SUZANNE MALVEAUX, CNN WHITE HOUSE CORRESPONDENT: Absolutely, Judy. The president at Camp David held a number of meetings and intelligence briefing, as well as a meeting with his war council through a secure video link, we're told. The president in his weekly radio address really emphasizing, making the case that the U.S. has been successful in the first 10 days of the war with Iraq, mentioning that they're clearing mines, securing oil fields, and providing humanitarian assistance.

But also the president emphasizing as well that they have discovered that these Iraqi tactics, these alleged atrocities, highlighting that as really justification for the U.S. invading Iraq. He did not mention weapons of mass destruction. One senior administration official saying that's because they wouldn't necessarily actually expect to find those within the first two weeks.

It's all about managing expectations. But just within the first 10 days, they have found evidence of what they call the cruelty of the Iraqi regime.


GEORGE W. BUSH, PRESIDENT OF THE UNITED STATES: In areas still under its control, the regime continues its rule by terror. Prisoners of war have been brutalized and executed. Iraqis who refuse to fight for the regime are being murdered. An Iraqi woman was hanged for waving at coalition troops. Some in the Iraqi military have pretended to surrender, then opened fire on coalition forces that showed them mercy. Given the nature of this regime, we expect such war crimes, but we will not excuse them. War criminals will be hunted relentlessly and judged severely.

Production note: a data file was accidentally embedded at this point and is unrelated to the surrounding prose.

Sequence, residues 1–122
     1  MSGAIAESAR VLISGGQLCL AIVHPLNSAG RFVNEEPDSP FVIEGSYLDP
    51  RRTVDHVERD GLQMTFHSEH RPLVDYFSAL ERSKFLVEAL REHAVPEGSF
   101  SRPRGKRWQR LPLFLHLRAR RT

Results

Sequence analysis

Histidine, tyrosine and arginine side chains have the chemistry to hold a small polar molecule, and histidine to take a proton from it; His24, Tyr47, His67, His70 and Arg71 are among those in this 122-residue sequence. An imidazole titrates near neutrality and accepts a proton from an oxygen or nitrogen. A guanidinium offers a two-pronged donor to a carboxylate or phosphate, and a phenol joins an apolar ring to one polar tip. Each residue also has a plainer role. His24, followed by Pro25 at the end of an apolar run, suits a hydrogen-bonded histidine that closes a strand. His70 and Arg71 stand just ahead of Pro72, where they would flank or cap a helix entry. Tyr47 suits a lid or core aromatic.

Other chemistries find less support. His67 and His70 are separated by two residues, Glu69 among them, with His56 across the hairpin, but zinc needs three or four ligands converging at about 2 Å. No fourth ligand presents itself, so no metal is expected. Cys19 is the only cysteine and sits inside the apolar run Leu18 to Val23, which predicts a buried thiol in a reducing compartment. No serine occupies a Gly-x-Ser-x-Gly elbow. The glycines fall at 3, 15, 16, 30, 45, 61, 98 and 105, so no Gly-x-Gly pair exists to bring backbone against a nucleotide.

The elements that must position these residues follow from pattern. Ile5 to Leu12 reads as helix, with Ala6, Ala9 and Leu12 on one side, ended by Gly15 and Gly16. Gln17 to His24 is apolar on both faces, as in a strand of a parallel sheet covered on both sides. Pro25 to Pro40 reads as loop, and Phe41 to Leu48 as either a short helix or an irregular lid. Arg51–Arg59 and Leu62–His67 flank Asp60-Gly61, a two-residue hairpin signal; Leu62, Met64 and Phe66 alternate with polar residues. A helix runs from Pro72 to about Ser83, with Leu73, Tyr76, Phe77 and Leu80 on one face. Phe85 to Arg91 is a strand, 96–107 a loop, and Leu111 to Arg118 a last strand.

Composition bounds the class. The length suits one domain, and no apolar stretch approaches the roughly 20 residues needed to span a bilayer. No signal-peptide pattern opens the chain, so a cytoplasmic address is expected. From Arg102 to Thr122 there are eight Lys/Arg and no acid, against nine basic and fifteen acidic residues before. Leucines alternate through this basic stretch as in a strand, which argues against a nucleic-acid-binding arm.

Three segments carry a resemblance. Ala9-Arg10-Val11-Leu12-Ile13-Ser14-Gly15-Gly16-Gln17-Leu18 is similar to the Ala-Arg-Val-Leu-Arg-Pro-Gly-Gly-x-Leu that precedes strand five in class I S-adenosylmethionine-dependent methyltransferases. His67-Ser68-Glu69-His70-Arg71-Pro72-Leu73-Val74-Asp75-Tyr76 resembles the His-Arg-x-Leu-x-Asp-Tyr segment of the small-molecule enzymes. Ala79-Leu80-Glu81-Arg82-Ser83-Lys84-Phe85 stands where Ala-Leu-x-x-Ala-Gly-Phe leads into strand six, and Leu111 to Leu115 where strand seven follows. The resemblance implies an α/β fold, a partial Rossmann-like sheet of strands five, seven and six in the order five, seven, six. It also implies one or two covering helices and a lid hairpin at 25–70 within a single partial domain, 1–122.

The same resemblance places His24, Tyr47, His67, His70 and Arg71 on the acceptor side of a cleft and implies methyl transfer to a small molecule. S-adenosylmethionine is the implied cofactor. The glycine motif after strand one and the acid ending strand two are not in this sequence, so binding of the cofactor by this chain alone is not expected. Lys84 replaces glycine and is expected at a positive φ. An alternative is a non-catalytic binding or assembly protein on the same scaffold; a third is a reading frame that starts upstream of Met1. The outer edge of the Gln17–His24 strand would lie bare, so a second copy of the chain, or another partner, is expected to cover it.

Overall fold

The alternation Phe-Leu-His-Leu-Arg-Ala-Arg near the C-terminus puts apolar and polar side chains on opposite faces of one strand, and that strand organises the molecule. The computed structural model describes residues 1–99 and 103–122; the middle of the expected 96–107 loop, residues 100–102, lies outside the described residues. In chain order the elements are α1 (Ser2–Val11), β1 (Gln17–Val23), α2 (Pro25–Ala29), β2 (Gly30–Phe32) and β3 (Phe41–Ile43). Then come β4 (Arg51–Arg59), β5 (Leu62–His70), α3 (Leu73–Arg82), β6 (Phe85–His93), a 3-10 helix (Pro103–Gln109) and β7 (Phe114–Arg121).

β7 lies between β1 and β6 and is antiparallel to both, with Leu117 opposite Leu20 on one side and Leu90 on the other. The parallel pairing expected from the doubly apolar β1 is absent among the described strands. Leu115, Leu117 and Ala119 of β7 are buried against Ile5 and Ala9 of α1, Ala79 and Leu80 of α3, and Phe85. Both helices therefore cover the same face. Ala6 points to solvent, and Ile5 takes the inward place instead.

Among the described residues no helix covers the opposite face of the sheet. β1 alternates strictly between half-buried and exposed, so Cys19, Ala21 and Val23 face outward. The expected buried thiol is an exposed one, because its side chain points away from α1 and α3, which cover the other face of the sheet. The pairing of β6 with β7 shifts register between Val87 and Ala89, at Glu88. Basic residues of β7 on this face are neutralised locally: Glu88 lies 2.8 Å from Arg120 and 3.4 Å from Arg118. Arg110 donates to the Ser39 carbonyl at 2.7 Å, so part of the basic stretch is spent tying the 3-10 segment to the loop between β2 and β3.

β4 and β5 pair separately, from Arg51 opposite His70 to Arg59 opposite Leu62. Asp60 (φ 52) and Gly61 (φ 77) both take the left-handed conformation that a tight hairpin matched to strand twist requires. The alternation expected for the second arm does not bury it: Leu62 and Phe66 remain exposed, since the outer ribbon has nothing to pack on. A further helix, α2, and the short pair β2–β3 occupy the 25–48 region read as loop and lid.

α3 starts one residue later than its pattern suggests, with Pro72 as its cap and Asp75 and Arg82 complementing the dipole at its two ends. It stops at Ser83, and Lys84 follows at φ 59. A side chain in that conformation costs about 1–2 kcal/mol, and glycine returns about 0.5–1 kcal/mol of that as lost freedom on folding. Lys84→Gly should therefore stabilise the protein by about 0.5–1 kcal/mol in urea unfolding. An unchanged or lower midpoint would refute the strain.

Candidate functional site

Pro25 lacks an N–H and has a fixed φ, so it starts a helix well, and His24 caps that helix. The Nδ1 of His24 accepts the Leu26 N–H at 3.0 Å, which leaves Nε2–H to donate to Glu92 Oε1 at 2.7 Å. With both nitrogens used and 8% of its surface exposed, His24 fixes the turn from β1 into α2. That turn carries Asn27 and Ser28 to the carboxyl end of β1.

MALVEAUX: And the president also in his weekly radio address urging Congress to pass the emergency spending bill. The cost of the war, an estimated $75 billion. Judy, it's likely that he will get that passed, but there are some in Congress who doubt that the administration can afford this war as well at the same time as passing his economic stimulus package. Just this past week, the Senate rejecting his tax cut plan of $726 billion, basically sliced that in half.

The Democrats responded to this in their own response to the weekly radio address.


SEN. BYRON DORGAN (D), NORTH DAKOTA: Frankly, I don't think his next year's budget adds up. The president proposes large spending increases, much of it for the military, large tax cuts, mostly for upper income taxpayers, in fact, $724 billion worth in the next 10 years, and the largest federal budget deficits in history.


MALVEAUX: Now, the House passed the president's version. We expect that in conference between the Senate and the House will come up with a figure that is somewhere in between there. In the meantime, the president on Monday is going to be emphasizing homeland security, some of the progress in that area, when he travels to the port of Philadelphia, Judy.

WOODRUFF: Suzanne, just quickly, we know the Pentagon also was emphasizing the brutality of the Saddam Hussein regime, showing photographs of a victim of a chemical attack. Any frustration at all at the White House, Suzanne, with some of the military commanders in the field saying this is taking longer than they had expected?

MALVEAUX: Well, certainly the administration is saying that this is something where they had flexibility within the plan from the very beginning. Of course, they want to keep the message consistent. They want to keep the message clear. This is an administration that prides itself on that.

Of course, just within the last week or so, things were quite muddled. The president was quite frustrated by the line of questioning from reporters, but also from the endless analysis from military inside and both outside of the Bush administration, active and retired, who are second-guessing just where this war planning, where the strategy was going. The Bush administration insisting that it is much, much too early after just 10 days of this campaign to make any type of analysis or assessment on the success of the operation, Judy.